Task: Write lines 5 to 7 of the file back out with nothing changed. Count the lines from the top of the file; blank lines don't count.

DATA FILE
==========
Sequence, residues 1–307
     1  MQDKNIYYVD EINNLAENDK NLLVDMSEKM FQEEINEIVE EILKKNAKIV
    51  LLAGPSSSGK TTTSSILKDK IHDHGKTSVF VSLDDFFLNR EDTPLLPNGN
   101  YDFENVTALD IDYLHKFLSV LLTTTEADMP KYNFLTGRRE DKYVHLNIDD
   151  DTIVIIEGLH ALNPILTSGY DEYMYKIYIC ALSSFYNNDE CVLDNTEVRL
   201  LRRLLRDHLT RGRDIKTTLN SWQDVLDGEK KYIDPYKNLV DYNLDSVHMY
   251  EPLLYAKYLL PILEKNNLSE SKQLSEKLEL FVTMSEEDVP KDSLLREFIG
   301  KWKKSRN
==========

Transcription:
   151  DTIVIIEGLH ALNPILTSGY DEYMYKIYIC ALSSFYNNDE CVLDNTEVRL
   201  LRRLLRDHLT RGRDIKTTLN SWQDVLDGEK KYIDPYKNLV DYNLDSVHMY
   251  EPLLYAKYLL PILEKNNLSE SKQLSEKLEL FVTMSEEDVP KDSLLREFIG